22 April 2018
This was a week of transition for Curiosity’s environmental science team. The cloudy season on Mars has ended as we’ve seen a marked decrease in water ice cloud activity in our Navcam sky movies over the last several weeks and we’re moving quickly into the dusty season on Mars. We will now be drastically reducing the frequency in which we search for clouds and instead focus our attention on dust devils and storms. The atmosphere is beginning to get dustier, as seen by the hazy look of the northern rim in Gale Crater in this image. Indeed, we began preplanning our annual campaign to study a potential global dust storm, if and when such a storm develops this year. The dusty season on Mars, roughly the second half of the martian year, runs from the end of May until February next year, and we’ll be monitoring closely for the signs that a global dust storm (the last of which occurred way back in 2008!) is developing.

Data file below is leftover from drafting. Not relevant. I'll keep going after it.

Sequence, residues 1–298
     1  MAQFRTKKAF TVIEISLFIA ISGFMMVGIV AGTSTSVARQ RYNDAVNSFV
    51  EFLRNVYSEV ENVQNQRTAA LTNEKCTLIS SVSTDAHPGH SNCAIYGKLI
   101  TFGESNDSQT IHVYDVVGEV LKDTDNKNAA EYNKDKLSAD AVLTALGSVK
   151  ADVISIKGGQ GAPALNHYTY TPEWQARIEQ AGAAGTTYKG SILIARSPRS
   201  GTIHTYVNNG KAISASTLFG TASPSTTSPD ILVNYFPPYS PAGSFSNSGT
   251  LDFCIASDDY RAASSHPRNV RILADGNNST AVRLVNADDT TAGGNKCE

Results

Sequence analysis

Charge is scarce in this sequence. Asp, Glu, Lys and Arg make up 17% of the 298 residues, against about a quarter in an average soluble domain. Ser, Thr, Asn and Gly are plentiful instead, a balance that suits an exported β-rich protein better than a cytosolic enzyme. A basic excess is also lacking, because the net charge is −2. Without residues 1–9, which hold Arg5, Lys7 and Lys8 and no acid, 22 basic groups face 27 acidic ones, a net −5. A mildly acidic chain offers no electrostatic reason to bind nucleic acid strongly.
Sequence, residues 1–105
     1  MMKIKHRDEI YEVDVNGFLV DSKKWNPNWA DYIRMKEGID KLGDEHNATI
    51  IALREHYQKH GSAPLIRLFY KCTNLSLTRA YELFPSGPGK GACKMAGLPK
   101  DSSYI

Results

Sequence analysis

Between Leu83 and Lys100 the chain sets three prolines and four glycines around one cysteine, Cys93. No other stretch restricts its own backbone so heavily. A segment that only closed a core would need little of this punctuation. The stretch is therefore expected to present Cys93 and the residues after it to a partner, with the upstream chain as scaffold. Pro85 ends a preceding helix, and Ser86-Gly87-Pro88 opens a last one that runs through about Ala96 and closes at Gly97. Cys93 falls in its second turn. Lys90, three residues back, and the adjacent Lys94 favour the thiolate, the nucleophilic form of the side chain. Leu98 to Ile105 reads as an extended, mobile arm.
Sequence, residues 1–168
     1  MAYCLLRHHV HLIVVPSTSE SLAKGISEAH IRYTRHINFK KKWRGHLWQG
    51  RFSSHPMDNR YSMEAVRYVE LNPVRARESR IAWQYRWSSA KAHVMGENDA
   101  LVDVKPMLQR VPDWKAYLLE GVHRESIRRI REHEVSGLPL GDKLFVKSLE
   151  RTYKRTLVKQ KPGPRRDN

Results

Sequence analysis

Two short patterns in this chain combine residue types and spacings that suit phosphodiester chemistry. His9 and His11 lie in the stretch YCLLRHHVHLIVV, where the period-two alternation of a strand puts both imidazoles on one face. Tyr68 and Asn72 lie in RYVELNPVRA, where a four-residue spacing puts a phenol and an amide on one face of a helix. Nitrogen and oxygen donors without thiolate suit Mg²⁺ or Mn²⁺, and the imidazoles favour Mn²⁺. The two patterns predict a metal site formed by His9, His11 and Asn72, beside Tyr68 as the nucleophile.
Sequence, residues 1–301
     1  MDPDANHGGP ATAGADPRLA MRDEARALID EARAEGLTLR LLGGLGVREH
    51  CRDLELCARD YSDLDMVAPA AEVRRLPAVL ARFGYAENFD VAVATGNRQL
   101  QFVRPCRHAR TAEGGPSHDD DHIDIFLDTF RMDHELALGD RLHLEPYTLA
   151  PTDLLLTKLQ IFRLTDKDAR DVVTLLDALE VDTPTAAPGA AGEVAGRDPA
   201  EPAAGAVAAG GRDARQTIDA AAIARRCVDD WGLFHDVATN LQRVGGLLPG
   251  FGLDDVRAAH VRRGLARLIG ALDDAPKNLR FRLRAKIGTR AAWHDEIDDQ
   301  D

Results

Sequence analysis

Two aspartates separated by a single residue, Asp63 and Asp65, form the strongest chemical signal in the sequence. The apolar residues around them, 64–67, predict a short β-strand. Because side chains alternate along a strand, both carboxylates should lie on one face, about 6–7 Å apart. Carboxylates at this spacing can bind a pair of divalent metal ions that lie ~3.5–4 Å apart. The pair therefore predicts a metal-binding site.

But today on Mars, routine business continued as we performed a ‘touch-and-go’ plan with MAHLI images of rock targets ‘Hawick’, ‘Kemnay’, and ‘Buchan’, before driving toward our next destination. On the second sol of the plan, we planned two movies to look for dust devils and two more Mastcam image sequences to monitor the (increasing) amount of dust in the atmosphere as we move toward southern spring equinox.
Written by Scott Guzewich, Atmospheric Scientist at NASA’s Goddard Space Flight Center